Not to be outdone by the October blood moon, the sun put on its best Halloween face and imitated a jack-o'-lantern on October 8. The brighter regions—its eyes and mouth, so to speak—appear as such due to magnetic fields in the corona (the sun's atmosphere) that cause the release of more energy.
Jack-o'-lantern sun (left) and blood moon (right) on October 8, 2014. Image credit: NASA
The moon, however, is doing its best to steal the show, with its tetrad: an array of four total lunar eclipses, each spaced about six months apart. The first two more eclipses bedazzled stargazers on April 15 and October 8 of this year, with two more on the way in 2015, on April 4 and September 28.
On average, lunar eclipses decorate the skies twice yearly, but tetrads—which involve four total lunar eclipses—are more rare. Tetrads have happened 8 times in the 21st century, but from 1300 to 1600, there were no tetrads at all. The other two types are lunar eclipses are penumbral, and partial, in which part of the moon is darkened.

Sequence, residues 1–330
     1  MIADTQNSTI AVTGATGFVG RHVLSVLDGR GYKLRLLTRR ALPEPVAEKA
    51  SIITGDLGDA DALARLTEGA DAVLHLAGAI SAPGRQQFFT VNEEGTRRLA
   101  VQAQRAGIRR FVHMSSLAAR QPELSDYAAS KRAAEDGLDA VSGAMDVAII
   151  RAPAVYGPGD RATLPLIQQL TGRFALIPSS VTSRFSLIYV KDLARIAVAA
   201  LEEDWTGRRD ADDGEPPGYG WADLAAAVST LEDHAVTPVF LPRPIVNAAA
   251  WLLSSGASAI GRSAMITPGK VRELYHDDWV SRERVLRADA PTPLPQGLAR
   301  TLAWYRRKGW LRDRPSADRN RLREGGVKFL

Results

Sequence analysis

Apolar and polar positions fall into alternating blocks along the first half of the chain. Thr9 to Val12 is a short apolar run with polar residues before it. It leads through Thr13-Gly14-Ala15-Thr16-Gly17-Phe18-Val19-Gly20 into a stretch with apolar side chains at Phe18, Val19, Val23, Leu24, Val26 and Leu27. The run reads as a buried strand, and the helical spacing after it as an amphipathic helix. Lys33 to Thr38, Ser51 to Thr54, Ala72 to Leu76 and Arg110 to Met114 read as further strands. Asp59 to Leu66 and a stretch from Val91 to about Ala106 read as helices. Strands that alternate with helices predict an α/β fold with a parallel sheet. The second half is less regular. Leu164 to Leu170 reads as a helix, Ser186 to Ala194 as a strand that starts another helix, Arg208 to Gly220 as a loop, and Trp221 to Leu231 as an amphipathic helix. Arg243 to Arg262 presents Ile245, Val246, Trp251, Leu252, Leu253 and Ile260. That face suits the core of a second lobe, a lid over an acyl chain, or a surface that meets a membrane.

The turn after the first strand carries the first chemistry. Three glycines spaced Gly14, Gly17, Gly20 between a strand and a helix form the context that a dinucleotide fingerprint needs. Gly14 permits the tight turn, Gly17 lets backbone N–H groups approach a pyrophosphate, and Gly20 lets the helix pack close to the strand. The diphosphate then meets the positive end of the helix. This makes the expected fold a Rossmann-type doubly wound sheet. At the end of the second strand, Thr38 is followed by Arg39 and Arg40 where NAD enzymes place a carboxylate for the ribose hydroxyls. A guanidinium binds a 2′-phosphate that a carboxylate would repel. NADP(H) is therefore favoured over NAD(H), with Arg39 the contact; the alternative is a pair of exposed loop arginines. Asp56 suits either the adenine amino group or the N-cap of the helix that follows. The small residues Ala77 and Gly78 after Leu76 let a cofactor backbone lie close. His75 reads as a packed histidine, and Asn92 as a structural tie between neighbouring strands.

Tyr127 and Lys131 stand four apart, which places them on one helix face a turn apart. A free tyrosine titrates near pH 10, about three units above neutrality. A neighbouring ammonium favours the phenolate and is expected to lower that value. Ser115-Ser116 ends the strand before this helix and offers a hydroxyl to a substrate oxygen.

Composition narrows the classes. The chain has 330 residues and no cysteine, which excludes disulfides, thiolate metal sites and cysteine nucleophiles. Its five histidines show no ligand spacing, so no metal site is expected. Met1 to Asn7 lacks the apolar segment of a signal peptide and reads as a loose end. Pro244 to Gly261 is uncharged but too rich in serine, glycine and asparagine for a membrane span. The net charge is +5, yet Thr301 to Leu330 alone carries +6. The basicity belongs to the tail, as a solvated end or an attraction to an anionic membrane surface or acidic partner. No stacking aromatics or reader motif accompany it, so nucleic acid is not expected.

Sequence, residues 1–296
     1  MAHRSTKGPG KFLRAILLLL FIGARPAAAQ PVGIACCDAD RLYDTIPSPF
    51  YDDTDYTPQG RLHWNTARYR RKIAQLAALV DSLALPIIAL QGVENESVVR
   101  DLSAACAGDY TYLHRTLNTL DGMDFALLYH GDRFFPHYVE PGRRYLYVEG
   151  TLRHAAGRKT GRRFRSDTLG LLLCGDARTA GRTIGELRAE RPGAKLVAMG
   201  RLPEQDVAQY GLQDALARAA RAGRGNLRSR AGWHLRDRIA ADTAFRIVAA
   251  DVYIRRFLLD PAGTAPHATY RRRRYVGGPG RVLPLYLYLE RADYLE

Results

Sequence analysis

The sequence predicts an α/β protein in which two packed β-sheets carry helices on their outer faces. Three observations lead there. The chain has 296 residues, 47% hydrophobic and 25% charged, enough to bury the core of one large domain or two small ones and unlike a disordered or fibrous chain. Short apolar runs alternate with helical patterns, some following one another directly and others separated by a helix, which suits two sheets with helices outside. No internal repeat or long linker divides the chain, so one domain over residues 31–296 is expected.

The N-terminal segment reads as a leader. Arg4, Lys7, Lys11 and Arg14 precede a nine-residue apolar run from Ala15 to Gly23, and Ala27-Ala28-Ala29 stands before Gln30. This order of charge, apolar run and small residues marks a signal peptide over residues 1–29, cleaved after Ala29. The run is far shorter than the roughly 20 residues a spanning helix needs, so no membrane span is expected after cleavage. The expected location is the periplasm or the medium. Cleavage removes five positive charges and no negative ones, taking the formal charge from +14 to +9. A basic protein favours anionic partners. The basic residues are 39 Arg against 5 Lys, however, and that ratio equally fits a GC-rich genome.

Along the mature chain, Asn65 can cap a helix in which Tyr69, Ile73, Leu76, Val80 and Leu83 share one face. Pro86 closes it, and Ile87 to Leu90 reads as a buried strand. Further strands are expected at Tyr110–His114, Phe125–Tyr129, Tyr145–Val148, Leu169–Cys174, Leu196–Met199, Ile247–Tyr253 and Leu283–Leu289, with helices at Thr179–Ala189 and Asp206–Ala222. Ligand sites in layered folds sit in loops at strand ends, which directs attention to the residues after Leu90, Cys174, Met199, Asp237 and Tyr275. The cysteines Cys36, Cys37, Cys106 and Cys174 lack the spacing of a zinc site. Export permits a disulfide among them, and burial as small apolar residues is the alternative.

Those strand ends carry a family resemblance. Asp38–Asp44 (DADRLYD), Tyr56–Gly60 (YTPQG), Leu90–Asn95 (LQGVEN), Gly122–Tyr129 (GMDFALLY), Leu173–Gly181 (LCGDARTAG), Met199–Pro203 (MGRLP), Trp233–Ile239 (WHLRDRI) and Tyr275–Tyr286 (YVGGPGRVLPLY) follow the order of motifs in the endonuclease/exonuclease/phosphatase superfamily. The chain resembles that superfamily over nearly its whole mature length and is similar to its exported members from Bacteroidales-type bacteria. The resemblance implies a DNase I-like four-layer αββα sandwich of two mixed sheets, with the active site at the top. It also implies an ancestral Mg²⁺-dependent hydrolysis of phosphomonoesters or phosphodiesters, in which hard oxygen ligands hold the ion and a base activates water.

So why don't we get a total lunar eclipse every full moon? During full moons, the sun, earth, and moon are aligned in two dimensions along the horizontal plane. Typically, the moon is below or above the path of light from the sun to earth, and so is fully lit from the sun. During a total lunar eclipse, however, the moon is vertically positioned such the earth blocks all of the light from the sun, and instead receives lighting from the earth's atmosphere as it passes by.
Fun fact: The moon rotates about its own axis once every 27.5 days, while it also completes its orbit around the earth during the same time period, ensuring that we only ever see one side of the moon.